Here is the summary report that was created from the downloaded meter data.

You can see that the electricity usage is around 37 KWH throughout the entire week. This compressor runs all the time (24×7). We can take that information and turn it into a cost estimate, to predict how much money is being spent on electricity each year.

37 KWH per hour x 24 hours per day x 30 days per month = 26,640 KWH per year

If our utility costs are set at $0.08 per KWH (simple estimate), then we can estimate the total amount per year for this compressor.

26,640 KWH x $0.08/KWH = $2100 per year. There might be some opportunity here…

I also mentioned the power factor. If you look at the chart, it was a little over 80%, which means there is about 20% of the electricity not being utilized (wasted).

What that means is the utility company must provide more than 26,640 KWH to run this equipment. They need to provide an additional 20%, so that after the efficiency is lost, there is still enough power to run the compressor.

26,640 x 20% = 5238 additional KWH per year, to account for poor power factor level. If your utility charged you directly for this extra amount, it would cost 5238 x $0.08 = $420  per year in additional costs. Most do not charge extra to you directly, but it does show up somewhere “baked-in” to your bill.

Now we have the ammunition to confidently sell your improvement projects to management, and deliver them accurate savings predictions, so they trust what you give them. The last thing you want is to have leadership come ask you why the bill isn’t less this month, after you implemented one of your energy-saving ideas. Good luck getting another project approved. I highly recommend you capture savings on a project-by-project basis. With all the activity and weather impact on your electric bill each month, it is very difficult to clearly show electricity savings from a single project, unless you’re implementing something major.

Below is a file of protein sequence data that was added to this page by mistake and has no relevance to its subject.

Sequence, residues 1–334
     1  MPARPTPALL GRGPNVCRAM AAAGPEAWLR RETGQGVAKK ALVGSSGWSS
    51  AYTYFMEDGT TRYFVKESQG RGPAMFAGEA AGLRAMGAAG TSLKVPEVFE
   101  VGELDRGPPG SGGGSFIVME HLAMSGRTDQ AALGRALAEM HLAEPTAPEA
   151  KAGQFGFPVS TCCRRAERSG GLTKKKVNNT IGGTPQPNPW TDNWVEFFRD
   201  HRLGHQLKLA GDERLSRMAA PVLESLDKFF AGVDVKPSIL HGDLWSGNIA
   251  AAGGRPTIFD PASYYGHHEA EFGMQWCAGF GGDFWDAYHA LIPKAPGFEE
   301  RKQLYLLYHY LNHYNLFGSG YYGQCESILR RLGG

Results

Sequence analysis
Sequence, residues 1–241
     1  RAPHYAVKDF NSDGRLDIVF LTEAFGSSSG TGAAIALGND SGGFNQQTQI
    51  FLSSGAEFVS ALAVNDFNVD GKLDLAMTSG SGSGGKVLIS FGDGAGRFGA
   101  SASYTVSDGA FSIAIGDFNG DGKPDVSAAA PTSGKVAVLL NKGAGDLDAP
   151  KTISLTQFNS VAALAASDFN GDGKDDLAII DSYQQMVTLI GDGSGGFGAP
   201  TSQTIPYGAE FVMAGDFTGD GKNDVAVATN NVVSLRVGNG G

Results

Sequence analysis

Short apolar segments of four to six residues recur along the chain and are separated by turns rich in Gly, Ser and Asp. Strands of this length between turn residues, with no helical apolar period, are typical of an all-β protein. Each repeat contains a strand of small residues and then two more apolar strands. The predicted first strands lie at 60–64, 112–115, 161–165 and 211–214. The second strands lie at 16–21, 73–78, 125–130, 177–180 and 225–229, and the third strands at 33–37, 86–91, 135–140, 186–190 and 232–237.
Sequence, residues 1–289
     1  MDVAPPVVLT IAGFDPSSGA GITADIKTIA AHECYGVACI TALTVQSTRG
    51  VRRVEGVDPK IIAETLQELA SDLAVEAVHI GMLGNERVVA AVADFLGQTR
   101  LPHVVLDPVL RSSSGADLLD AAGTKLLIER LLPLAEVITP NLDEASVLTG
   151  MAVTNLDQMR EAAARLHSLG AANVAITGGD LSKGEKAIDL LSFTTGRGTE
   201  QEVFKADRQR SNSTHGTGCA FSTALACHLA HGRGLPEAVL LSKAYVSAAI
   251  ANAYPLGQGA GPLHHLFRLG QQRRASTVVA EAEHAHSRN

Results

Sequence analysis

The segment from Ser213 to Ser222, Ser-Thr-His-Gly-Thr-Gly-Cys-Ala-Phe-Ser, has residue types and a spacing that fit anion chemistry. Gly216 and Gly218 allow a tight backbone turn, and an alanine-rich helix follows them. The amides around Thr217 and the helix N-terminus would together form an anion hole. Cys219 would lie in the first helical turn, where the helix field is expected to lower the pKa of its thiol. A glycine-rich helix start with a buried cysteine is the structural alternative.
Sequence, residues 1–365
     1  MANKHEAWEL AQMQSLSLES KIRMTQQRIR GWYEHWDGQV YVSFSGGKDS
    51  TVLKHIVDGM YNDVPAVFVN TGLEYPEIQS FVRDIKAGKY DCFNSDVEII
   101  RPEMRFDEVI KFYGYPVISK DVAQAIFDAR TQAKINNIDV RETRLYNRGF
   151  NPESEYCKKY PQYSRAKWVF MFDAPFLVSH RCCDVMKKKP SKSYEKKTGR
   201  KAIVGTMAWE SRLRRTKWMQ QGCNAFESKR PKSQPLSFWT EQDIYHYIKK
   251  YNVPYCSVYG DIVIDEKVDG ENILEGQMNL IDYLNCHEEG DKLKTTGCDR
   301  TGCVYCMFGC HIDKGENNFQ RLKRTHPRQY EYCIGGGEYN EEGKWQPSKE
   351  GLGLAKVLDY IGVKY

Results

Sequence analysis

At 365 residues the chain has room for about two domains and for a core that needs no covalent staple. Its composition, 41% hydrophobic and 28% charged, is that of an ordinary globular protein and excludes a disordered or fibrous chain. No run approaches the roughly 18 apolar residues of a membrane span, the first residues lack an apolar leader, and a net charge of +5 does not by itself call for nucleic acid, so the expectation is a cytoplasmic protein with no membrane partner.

Cost of data collection

This all makes sense I’m sure, but you’re probably worried about the cost to gather this data. Yes, there is an investment that you’ll need to make, especially if you don’t have a power meter already. Let’s look at some typical costs, just to give you an idea what to expect.

A really good power meter that measures KWH (instead of making you calculate it from amps and voltage readings, which is a lot of extra work) will run you around $3000-5000. You may save a little money if you contract out an electrician that already has one, but they’ll be more expensive. There are additional labor costs for the electrician to hookup the meter, then download the data into a useable format. Luckily, they don’t have to sit there while the data is being gathered, so you may need 1-2 hours of labor per equipment. There is also some cost in running reports and analyzing the data, which could be another 1-2 hours.

That may seem like a lot of money, when you’re trying to save money, but it will pay for itself quickly. One study from the Energy Cost Savings Council (can’t find a reference) estimated that meters and monitors have an average payback period of less than six months, and an average payback of 200%. From my personal experience, I completely agree with that number.

Bottom line: You’ll never be truly sustainable unless you have a good method of gathering electrical data. If you’re serious about saving electricity (like I know you are), then I guarantee after the first study, you will have the meter hooked up all the time, looking for new opportunities. It can be contagious gathering data to see how much energy everything uses!